A couple weeks ago, someone in a LinkedIn group recommended the movie "Stand By Me" as the archetypical coming of age movie. I don't know that I've ever seen it, but I knew I'd never read the novella on which it's based, Stephen King's "The Body," one of four novellas in Different Seasons. Viking published the book in 1982 when King was 35, and he wrote "The Body" in 1975 when he was about 28.
The ages are significant because in "The Body," King is recalling himself and his world as a 12-year-old boy in a small Maine town. In some ways, the story is simple. Four buddies about the same age hear about the body of a boy who has been missing, decide to go to find it, and become heroes because they found the missing boy. Because the dead boy had apparently been hit by a train, they will follow the train tracks on foot for the thirty miles to reach the body. On the way they have a number of adventures including spending a night in the woods. I don't want to say much more, because if you have not read the story, I recommend it and do not want to spoil it.
"The Body," however, is much more than a boy's adventure story. It is a story about time and change and loss. The first two sentences of the story proper are, "We had a treehouse in a big elm which overhung a vacant lot in Castle Rock. There's a moving company on that lot today, and the elm is gone." The elm is gone and the narrator's youth is gone.
The narrator identifies himself as Gordon Lachance, a successful mid-thirties writer of horror stories, much like Stephen King. "The Body," which is not a horror story and has no supernatural events, does include two samples of "Lachance's" work, a student short story that the narrator criticizes more harshly than I would have, and a more polished story that "Lachance"sold to Cavalier magazine. Although these have nothing to do with the adventure of finding the dead body, they work within the story's context, adding depth and complexity.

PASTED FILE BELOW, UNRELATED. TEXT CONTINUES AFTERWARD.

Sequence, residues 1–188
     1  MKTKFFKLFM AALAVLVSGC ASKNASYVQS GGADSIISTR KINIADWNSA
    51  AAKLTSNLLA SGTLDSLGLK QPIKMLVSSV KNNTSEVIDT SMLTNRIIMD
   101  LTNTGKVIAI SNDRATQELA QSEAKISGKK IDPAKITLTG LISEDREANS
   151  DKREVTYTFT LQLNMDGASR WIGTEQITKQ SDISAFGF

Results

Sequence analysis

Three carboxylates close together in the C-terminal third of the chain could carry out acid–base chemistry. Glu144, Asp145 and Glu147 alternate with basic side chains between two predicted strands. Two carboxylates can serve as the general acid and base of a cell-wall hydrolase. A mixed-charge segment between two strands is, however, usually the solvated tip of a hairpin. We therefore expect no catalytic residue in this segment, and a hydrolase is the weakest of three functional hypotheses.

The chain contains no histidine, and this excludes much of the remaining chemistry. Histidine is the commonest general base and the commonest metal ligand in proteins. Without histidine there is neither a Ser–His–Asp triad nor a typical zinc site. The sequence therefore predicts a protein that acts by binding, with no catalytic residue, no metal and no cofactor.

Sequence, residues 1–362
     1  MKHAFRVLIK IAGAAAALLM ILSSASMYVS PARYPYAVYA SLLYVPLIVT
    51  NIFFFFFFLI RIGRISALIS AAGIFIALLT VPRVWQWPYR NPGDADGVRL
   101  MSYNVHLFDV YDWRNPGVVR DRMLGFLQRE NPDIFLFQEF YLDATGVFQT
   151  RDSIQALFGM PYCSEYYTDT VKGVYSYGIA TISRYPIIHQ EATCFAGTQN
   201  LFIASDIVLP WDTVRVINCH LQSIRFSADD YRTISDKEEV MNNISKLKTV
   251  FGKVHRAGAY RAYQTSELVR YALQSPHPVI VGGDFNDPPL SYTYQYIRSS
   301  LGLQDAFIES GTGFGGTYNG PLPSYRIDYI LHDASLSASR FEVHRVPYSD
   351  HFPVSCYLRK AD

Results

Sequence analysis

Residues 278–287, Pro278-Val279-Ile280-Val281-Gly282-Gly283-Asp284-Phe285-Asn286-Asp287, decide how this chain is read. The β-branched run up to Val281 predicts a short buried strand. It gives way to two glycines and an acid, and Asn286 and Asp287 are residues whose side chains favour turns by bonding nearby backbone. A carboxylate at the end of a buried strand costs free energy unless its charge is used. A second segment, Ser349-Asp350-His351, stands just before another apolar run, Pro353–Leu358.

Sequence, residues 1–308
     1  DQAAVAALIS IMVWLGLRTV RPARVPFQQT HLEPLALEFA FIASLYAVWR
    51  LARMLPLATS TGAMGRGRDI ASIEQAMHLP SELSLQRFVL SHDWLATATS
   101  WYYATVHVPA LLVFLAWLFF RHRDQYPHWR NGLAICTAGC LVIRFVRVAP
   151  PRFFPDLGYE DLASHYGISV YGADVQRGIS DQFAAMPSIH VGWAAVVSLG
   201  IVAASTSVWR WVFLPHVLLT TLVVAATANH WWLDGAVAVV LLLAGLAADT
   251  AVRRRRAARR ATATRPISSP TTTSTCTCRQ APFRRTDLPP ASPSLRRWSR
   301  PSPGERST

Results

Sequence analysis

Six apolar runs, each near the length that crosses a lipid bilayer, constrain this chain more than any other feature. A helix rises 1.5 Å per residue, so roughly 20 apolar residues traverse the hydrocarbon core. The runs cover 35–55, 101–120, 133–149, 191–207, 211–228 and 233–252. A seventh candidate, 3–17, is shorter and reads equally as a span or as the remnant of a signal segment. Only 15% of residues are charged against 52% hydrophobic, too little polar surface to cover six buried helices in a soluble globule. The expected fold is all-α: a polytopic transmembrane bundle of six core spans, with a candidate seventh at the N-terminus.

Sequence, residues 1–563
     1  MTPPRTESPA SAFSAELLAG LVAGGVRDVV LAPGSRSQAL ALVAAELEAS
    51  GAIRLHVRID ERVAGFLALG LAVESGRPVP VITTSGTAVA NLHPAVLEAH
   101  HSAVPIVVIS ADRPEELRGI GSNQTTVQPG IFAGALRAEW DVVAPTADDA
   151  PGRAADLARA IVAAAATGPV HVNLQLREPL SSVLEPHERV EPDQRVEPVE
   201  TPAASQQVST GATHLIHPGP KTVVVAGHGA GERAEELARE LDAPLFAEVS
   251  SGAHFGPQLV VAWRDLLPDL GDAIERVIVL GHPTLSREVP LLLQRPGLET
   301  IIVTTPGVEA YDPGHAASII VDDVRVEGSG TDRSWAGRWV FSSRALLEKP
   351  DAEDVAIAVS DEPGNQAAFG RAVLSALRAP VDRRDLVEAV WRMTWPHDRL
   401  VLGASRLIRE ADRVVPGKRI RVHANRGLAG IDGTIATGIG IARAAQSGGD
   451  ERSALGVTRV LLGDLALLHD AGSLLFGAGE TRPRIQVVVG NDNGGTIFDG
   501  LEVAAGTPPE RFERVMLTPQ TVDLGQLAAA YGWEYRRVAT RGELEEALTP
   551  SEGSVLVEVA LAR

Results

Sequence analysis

And King has interesting things to say about writing and stories: "The only reason anyone writes stories is so they can understand the past and get ready for some future mortality; that's why all the verbs in stories have -ed endings . . . The only two useful artforms are religion and stories." One of "Gordon's" 12-year-old buddies tells him "Those stories you tell, they're no good to anybody but you, Gordie. If you go along with us [his three friends] because you don't want the gang to break up, you'll wind up just another grunt, makin C's to get on the teams. You'll get into High and take the same fuckin shop courses and throw erasers and pull your meat along with the rest of the grunts . . . Nothin'll get written down. Cause you'll just be another wiseguy with shit for brains."
The story does show its age in phrases like "Do you dig?" "If anyone was rankin out my dad—" and more. And there's an occasional stretch that does not work for me: ". . . as I said it some guy pole-vaulted in my stomach. He dug his pole all the way into my balls, it felt like, and ended up sitting astride my heart."
Nevertheless, I am glad I followed up on the recommendation and have read it. If you haven't, it's worth looking up.